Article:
Eisley’s Currents

Every once in a while, I come across a unique album that is just perfect to write to while listening. A few of my go-to noveling albums include Babel (Mumford & Sons), Dear Agony (Breaking Benjamin), Night Visions (Imagine Dragons), and of course my Lord of the Rings Pandora station. Released on May 28 is another album I’ve added to this short list: Currents by Eisley.

I heard about these guys when I picked up the music issue of Nylon magazine while I was on a really long road trip and was incredibly bored. I’ll be honest: Florence Welch (of Florence + the Machine) was on the cover, and there was a free 25-song playlist available for download, and that was the only reason I bought it. I was flipping through the pages, and they had features on several different bands, one being Eisley. I decided to look them up because the album cover was beautiful and that’s how I buy my music nowadays (case in point: Night Visions).

As it turned out, my methods work! I bought their first album, Room Noises, which is full of fantastic, whimsical imagery – great for listening to while writing a fantasy novel. I recommend taking a look at that one as well. The second album, Combinations, I borrowed from a friend, and that one was okay (read: I hardly listen to it). The Valley, their third album, I didn’t even bother to purchase, and I kind of forgot about the band for a while except on the frequent occasions when I can’t sleep and Room Noises doubles as a playlist that will send me right off to bed.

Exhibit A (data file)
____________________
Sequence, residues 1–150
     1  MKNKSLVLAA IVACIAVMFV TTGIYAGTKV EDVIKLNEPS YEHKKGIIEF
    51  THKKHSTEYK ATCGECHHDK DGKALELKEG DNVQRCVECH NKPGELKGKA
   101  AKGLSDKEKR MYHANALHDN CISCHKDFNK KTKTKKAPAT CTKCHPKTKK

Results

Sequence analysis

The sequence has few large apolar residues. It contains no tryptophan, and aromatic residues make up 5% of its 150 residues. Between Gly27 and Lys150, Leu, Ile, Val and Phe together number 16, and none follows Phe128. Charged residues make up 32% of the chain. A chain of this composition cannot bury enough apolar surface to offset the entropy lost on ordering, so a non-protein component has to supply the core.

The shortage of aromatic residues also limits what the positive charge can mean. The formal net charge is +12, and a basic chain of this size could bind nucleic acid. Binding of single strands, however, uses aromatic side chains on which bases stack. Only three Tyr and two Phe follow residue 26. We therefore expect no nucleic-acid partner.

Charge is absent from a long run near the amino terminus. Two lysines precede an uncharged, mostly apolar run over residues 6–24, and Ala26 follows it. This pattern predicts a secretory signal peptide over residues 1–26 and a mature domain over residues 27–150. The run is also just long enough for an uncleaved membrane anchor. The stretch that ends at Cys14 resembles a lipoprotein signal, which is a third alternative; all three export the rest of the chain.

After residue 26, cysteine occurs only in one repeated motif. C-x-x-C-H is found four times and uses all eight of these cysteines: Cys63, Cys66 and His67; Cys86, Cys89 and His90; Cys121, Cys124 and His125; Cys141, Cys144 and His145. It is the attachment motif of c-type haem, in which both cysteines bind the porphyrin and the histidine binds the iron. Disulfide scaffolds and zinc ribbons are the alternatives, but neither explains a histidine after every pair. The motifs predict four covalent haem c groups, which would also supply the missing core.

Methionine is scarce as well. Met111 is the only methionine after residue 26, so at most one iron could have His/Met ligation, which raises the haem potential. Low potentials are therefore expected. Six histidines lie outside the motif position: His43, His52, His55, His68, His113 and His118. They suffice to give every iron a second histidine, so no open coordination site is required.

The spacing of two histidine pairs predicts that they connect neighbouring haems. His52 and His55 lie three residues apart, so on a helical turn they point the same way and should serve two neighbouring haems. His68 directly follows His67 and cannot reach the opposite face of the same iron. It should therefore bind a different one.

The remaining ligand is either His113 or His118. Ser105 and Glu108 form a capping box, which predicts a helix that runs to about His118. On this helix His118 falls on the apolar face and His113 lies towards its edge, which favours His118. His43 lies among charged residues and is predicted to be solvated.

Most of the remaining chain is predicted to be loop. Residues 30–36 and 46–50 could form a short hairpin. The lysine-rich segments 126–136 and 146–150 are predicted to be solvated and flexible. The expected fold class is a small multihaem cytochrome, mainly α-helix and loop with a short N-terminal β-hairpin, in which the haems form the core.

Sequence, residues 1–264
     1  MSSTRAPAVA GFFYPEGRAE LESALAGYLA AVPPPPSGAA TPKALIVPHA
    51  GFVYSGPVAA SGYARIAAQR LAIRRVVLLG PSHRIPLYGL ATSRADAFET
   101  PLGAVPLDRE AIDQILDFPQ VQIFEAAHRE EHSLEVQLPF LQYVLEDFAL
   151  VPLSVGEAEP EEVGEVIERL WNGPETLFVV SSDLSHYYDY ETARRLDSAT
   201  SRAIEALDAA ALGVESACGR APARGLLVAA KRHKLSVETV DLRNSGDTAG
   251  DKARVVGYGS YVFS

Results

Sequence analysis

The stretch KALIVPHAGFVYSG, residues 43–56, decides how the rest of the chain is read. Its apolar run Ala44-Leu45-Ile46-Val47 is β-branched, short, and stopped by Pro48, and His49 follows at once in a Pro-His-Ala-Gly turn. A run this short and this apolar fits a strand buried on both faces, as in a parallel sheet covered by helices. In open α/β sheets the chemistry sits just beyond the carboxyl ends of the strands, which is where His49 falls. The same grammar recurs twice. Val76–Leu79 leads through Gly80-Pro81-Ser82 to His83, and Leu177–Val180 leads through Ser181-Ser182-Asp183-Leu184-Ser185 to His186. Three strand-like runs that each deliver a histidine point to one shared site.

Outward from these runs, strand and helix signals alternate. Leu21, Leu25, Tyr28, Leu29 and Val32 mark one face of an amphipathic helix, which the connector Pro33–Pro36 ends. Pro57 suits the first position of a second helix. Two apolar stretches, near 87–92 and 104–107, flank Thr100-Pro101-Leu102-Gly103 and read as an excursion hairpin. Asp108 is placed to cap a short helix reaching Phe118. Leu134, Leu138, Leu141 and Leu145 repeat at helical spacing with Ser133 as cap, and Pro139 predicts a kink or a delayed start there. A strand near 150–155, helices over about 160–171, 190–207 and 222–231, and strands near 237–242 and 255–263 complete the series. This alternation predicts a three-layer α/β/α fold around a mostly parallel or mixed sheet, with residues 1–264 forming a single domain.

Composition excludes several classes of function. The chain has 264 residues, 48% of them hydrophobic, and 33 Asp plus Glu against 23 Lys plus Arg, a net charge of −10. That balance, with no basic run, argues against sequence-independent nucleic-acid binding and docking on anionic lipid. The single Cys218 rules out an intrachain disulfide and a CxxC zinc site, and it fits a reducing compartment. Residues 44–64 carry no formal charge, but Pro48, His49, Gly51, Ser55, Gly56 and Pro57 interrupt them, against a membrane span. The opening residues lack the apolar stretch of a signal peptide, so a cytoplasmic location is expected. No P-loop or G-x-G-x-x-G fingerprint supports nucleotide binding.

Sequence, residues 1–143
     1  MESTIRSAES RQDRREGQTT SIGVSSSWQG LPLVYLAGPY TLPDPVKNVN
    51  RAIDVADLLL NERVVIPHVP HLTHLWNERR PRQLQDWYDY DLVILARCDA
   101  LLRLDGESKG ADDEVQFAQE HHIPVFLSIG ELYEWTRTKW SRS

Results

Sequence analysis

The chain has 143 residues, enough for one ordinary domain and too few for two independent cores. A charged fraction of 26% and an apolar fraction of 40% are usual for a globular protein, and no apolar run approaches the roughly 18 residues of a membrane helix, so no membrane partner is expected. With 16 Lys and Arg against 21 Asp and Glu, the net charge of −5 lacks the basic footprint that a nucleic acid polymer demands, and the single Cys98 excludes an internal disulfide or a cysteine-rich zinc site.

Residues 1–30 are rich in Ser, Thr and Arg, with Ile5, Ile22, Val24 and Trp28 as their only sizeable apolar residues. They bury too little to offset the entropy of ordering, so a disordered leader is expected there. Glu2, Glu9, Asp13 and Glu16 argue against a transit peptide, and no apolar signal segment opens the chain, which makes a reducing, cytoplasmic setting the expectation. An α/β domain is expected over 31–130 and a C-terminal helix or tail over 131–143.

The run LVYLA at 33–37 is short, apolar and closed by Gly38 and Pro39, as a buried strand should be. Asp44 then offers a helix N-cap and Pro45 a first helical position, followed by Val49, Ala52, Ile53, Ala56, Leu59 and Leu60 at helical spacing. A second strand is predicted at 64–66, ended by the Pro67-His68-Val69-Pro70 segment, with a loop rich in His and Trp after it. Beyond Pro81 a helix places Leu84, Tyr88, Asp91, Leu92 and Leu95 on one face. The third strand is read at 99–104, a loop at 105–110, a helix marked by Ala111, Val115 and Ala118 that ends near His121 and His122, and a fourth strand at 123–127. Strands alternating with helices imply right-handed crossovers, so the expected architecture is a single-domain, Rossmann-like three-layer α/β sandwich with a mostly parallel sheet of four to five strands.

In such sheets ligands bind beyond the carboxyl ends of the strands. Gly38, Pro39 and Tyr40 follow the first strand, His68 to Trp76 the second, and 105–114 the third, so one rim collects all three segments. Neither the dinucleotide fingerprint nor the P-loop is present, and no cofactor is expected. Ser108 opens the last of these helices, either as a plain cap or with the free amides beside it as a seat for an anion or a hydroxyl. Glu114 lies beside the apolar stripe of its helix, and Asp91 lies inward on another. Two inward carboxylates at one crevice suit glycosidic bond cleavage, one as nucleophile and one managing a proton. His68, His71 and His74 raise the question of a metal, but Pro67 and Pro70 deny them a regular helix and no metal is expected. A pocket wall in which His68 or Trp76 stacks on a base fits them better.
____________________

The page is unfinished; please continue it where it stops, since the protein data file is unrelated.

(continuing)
Anyway, I follow them on Facebook, and they’ve been teasing their new album’s release for quite some time. Again: beautiful artwork. As you can see from the picture I added to this post, it’s kind of moody and mystical and underwater – adjectives that all appeal to me greatly. So, following my tried-and-true method, I decided to preview the 30 second clips that Amazon provides.

I think it took me three clips before I pressed the “buy now” button. Moody, mystical, and underwater is exactly how I would describe the sound of this album. It reminds me of Room Noises, but while Room Noises was airy, Currents conveys that feeling of tranquility that you get those rare times when you can hold your breath underwater extra long and you just float there like you’re suspended in time. That’s really the only way I can describe it. Its constant sound that ebbs and flows, like a current, is steady enough that you won’t be broken out of a writing frenzy by a clashing cymbal or bass line.

I highly recommend taking a look at the album, or at least a track or two. It doesn’t really matter which one: I enjoy all of them equally! Also, if you decide to purchase it, I’d recommend spending the extra $2 and get the three acoustic tracks from the deluxe edition.

My final verdict?

Moriarty Eargasm


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